AK Furniture Refinishing by Perro Del Diablo
First remove the magazine and open the action to ensure that the rifle is not loaded.

When I first bought my Century Arms Romanian SAR 1, it had this awful burgundy painted on finish. It was uneven, it had runs and sags all over it, and i knew that this would be the very first thing that was going to have to be improved upon. Here is a look at the rifle before hand:
I know its kind of dark, but its the only before hand picture i could find of a sar that was finished with the burgundy paint on finish. Ive had a few experiances with refinishing wood stocks before, and knew that even if it wasn't pretty wood underneath, at least it could be painted black and made into an evil assault rifle.
So I headed down to Home Depot, and picked up a few things -

#1 #0000 fine steel wool pads (2 was all i needed)
#2 course grade steel wool (1 was all i needed)
#3 BIX stripper (i bought the quart)
#4 some semi gloss minwax polyurethane (1 can)
The total was around $20.00

Here are some pictures of the cans of BIX, and Poly so you know what to look for:

The first thing that you will need to do is find a place outside that will work for doing ths modification - the BIX stripper puts off some pretty nasty fumes. I found an old piece of plywood that i used to shield everything from the stripper - the stripper will discolor your concrete, metal surfaces, and even glass, so i used a piece of plywood that i didnt care about.

Now get a small bucket of water (a 5 gallon pale works perfect) and fill it with water - set it next to the plywood.

Then get out the course steel wool, and drop it into the bucket of water.

Next you will need to remove the furniture from your rifle and set them aside. For instructions on how to do that, please click here.

Please note that if youre rifle is parkerized like mine was from Century, you do not need to remove the gas tube from your upper receiver - the BIX will not harm the parkerizing. If you have painted the rifle, then you will need to remove the gas tube because the BIX will remove the paint.

Once you have the furniture laid out on the scrap plywood, and you have your bucket of water waiting with the course steel wool pad in it, open up the quart of BIX. You will notice that the BIX is the consistency of thick syrup - this is good because the more you have sitting on the wood, the better it works!! I started with the buttstock - i dont recommend doing all the pieces at once, because if the BIX dries, its a pain.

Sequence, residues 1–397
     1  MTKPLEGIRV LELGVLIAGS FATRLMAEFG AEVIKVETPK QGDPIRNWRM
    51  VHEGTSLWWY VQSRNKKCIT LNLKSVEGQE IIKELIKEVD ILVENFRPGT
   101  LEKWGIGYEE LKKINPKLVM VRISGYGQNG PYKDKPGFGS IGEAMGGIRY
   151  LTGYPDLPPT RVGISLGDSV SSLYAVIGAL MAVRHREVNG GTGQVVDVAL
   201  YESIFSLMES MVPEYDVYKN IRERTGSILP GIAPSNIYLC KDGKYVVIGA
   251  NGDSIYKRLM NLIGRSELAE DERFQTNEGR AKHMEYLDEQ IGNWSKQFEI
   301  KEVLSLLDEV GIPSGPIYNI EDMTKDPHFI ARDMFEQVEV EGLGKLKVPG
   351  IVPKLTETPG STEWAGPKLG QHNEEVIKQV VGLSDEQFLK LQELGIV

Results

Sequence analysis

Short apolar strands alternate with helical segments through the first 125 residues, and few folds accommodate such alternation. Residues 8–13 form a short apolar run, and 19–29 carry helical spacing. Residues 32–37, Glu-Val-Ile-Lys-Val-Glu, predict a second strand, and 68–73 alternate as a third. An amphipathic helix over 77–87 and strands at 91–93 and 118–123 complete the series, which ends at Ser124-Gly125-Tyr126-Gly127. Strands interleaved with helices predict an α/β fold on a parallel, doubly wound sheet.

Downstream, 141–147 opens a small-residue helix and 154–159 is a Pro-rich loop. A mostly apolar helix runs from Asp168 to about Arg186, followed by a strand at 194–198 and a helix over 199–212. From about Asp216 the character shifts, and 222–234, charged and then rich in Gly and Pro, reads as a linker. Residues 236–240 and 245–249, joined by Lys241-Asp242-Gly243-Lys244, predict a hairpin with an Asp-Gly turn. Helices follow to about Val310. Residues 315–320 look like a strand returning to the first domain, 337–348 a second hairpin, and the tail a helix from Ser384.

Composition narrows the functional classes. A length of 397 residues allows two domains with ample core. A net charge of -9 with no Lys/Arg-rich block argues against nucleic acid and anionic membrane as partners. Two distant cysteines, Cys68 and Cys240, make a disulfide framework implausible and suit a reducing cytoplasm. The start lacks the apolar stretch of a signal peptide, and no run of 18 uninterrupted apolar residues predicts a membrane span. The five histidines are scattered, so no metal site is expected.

Pour the BIX onto the buttstock, and take a rubber glove, and spread the bix over the entire buttstock - then take your hand (with the rubber glove on) and wipe up the BIX that spilled onto the plywood, and take this and work it all over the buttstock - the more BIX you have on it, the better it will work. i poured a decent amount onto the buttstock, and it all ran off onto the plywood so i took the buttstock, and rolled it into the BIX that was on the plywood - remember - the more that you have on the wood, the better job it will do.

After about a minute, or two - you will notice the BIX turning dark black or dark burgundy - this means that its ready to scrub the old finish off with the steel wool. take the steel wool from the bucket of water, and shake the excess water off of the steel wool, and then start scrubbing the buttstock with as much pressure as you want - you will begin to see a bright orange piece of wood underneath the old finish - once all of the burgundy crap is scrubbed off - dunk the buttstock into the pale of water, and scrub some more with the steel wool - once you pull the buttstock out of the water, you will see that most of the old finish is gone. There will be spots where the old finish wasnt removed - simply recoat the buttstock with the bix in the spots where the old finish is left, and wait for a minute or two, and then start scrubbing these areas with the steel wool, and then dunk, and scrub in the water until all the old finish is gone - ive noticed that a wire brush in the shape of an old toothbrush will take off the old stain in the hard to get to areas like around the buttstock where the buttpad mounts. dont scrub too hard, or it will take sanding to remove the scratches from the visible areas of the wood. You do not need to let the buttstock dry in between coats of BIX, but i would wipe the excess moisture down with an old rag.

Below is a pic of what the wood might look like with the finish off:

Follow the exact same procedure with the lower handguard, and the upper handguard, and if you have a wood pistol grip, you can do it with that also.
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